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EVERYTHING can kill you. Something probably will. This site is a personal journey of discovery. I take stuff apart to learn how it works. I put stuff back together to see if it still does. I break stuff all the time. I fix it most of the time. Sometimes I successfully modify to do something else or do something better. Sometimes I end up with a head of trash. Most of the time I use appropriate protective gear. Sometimes I don’t. I have the scars to prove it.

Here’s my point. I’m giving you permission to open stuff up and see what makes it tick. I’m NOT giving you permission to be an idiot about it. Fer chrissake, don’t try to see what makes a hair dryer work when you’re sitting in a bathtub full of water. YOU WILL DIE!

Remember the following, but certainly not all-inclusive guidelines.

ELECTRICITY KILLS. Respect it. If you don’t know how to properly respect electricity, don’t mess with it.

MESSING WITH STUFF IS DANGEROUS. Parts can fly off. Things can explode. You’ll encounter sharp edges and pointy bits. You will bleed all over something. You’ll likely burn yourself with some caustic chemical along the way. You may encounter dangerous fumes that can kill or hurt you.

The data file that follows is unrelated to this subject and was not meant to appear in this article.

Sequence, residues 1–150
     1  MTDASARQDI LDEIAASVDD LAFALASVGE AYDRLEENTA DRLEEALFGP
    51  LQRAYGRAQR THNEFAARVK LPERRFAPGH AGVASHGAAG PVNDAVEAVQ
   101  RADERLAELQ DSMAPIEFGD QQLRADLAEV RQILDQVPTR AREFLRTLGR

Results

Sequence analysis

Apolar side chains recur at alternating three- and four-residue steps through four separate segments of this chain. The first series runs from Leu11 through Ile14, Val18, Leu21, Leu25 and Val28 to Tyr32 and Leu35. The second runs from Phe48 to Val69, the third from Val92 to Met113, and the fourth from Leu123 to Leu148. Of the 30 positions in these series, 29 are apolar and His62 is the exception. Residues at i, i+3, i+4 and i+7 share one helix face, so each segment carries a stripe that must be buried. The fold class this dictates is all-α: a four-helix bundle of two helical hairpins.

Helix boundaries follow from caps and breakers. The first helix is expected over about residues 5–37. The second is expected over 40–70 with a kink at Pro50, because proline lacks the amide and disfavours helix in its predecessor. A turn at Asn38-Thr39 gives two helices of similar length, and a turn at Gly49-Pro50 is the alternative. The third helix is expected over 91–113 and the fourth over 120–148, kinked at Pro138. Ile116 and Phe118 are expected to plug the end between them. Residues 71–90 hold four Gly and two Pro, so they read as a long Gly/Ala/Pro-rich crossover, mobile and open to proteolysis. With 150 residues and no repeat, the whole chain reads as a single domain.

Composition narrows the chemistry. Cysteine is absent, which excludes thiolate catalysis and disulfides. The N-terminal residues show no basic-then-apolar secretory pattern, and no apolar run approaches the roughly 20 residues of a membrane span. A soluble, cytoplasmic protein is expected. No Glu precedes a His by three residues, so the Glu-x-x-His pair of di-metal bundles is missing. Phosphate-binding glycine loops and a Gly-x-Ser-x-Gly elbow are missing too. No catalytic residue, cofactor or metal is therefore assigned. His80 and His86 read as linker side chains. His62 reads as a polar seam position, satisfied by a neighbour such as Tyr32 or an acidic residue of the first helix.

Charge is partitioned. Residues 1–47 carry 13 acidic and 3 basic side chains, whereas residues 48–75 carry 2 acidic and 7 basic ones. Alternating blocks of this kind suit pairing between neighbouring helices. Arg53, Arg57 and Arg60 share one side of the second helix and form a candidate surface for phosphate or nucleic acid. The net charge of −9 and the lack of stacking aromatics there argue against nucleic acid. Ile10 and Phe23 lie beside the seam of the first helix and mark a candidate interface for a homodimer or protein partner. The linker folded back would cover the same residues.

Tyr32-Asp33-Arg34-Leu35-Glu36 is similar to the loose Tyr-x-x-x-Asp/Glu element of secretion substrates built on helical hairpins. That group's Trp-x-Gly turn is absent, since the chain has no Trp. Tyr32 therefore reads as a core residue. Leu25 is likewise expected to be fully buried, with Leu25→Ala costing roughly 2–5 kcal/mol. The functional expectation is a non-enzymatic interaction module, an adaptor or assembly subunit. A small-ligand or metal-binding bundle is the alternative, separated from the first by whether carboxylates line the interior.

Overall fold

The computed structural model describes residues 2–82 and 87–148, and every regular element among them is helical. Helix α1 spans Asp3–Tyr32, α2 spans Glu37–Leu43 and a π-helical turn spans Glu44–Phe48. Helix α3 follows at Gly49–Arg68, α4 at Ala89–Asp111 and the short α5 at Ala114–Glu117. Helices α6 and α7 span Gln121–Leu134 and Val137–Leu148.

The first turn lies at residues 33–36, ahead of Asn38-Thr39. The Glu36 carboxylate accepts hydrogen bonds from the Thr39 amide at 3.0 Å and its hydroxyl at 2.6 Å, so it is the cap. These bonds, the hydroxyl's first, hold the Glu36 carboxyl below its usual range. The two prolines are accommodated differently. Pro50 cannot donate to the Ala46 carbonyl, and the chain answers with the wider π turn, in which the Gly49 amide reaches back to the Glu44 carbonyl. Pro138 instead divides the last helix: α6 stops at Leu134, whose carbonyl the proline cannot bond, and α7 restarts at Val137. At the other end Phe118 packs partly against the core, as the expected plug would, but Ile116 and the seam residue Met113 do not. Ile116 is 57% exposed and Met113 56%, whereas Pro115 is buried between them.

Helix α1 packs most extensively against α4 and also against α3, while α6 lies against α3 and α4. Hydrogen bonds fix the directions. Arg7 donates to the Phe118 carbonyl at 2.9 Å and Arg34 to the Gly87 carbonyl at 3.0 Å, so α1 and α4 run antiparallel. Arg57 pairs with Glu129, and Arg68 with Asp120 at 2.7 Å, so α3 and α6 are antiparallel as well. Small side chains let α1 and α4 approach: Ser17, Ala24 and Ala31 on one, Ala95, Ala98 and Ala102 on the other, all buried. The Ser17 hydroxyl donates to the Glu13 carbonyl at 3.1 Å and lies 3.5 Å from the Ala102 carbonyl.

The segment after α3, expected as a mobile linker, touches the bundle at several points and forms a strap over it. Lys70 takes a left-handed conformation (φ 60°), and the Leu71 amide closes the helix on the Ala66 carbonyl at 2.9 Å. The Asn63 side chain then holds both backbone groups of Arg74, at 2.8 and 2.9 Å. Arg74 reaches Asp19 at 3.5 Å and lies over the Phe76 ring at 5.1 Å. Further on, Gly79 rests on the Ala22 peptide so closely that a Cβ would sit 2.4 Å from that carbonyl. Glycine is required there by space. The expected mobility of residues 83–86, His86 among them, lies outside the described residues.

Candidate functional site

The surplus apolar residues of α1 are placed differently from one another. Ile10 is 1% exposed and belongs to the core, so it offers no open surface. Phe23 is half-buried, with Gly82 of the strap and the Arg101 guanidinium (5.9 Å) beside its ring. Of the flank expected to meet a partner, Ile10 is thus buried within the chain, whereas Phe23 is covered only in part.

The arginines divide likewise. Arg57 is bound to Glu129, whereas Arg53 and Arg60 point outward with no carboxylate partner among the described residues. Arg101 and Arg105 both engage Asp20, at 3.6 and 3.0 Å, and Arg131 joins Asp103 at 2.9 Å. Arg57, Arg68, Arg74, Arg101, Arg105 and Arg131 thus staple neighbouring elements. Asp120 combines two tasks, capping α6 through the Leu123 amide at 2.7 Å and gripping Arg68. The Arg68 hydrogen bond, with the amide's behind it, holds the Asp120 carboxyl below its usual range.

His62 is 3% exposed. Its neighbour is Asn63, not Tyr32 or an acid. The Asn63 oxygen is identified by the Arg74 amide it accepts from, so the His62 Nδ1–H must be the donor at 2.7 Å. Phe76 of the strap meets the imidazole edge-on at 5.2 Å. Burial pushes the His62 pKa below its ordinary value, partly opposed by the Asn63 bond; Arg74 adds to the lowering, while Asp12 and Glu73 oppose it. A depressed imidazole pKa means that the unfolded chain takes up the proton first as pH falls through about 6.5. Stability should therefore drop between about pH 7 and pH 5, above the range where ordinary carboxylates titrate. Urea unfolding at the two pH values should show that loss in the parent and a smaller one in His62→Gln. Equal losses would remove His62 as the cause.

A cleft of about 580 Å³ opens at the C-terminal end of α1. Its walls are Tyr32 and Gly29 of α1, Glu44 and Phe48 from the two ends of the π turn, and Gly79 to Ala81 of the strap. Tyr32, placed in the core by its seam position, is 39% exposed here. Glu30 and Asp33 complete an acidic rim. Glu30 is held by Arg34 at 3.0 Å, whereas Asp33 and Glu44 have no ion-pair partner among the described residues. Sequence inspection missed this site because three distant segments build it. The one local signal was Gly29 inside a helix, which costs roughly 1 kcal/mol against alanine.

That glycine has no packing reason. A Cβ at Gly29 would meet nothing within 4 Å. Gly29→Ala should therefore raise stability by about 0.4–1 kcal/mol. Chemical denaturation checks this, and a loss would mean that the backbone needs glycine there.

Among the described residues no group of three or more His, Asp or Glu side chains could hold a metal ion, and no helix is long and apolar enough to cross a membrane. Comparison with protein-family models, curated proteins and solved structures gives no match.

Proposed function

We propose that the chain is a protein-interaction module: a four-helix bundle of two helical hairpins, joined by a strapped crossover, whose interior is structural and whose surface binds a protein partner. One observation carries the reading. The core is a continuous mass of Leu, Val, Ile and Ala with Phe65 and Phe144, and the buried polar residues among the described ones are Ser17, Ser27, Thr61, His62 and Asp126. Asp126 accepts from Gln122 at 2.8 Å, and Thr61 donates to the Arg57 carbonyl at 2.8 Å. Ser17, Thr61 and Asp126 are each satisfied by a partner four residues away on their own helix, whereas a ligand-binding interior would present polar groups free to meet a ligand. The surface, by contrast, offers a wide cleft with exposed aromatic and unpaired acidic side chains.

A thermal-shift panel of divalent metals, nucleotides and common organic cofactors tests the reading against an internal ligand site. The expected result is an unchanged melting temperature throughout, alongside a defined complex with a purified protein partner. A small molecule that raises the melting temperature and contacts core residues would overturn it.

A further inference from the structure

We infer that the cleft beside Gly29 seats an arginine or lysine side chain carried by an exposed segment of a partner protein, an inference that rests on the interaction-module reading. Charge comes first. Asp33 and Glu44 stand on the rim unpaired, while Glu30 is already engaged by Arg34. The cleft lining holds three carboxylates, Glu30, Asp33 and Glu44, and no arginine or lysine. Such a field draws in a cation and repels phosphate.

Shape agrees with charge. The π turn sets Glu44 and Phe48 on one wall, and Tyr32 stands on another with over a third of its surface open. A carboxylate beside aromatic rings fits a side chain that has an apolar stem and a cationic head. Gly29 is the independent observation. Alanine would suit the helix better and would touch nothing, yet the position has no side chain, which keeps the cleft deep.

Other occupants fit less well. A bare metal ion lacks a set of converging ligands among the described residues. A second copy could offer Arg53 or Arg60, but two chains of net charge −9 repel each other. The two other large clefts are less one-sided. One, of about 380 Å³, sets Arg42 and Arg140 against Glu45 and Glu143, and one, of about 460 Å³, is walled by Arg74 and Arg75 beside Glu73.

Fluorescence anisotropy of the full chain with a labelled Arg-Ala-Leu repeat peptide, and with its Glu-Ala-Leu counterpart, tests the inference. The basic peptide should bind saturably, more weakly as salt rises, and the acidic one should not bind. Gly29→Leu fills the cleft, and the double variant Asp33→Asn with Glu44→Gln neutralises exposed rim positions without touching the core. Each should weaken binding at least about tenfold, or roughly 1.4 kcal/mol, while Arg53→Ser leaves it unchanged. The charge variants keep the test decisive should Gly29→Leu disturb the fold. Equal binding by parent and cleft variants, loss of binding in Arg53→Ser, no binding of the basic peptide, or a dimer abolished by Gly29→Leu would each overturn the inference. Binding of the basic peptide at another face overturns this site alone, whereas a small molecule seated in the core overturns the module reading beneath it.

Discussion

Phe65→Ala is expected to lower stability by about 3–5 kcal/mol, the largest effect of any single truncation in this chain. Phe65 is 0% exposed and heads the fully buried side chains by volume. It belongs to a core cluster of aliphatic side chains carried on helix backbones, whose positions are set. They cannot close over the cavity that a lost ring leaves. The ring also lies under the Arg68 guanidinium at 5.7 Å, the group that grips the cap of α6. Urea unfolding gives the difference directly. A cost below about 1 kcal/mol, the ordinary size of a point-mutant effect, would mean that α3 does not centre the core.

MAKE SURE THE POWER’S OFF BEFORE YOU MESS WITH IT. If you don’t know how to make sure the power’s off, you probably shouldn’t be messing with it.

MAKE SURE THE CAPACITORS ARE DISCHARGED. Is that greek to you? You’re probably not ready to mess with it.

PAY ATTENTION TO WARNING LABELS. If you don’t understand the warning labels, you’re probably not ready to be messing with it.

USE APPROPRIATE PROTECTIVE GEAR. If you don’t know what the appropriate protective gear is, you’re probably not ready to be messing with it. ¬†

Most importantly, USE COMMON SENSE. ‘Cause here’s the deal: I’m just some yokel on the internets. If you choose to do anything suggested on this site and suffer disastrous consequences, you’re likely to lose an eye, and contrary to popular belief, that’s not really when the fun starts. Just because I’ve made some of the crap I’ve made doesn’t mean that I did it the safest way, and I was probably lucky that I didn’t sever my femoral artery in the process. I’m not saying you should¬†undertake any of these projects or portions of them. If you do, that’s your choice. It’s up to you to take responsibility to do the appropriate research, take the appropriate precautions, and take the appropriate steps to be SAFE and LEARN something. You will screw up, like I have many times. But those are the consequences of choosing to explore the tools in our lives and figure out how to make them better.

Above all, HAVE FUN!

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